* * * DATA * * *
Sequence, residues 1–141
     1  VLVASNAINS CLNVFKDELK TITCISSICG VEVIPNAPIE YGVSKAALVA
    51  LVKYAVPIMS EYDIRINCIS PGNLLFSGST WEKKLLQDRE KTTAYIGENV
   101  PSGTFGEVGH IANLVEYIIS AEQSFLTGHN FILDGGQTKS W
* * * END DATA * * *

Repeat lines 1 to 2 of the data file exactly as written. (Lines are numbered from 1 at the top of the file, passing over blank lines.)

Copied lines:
Sequence, residues 1–141
     1  VLVASNAINS CLNVFKDELK TITCISSICG VEVIPNAPIE YGVSKAALVA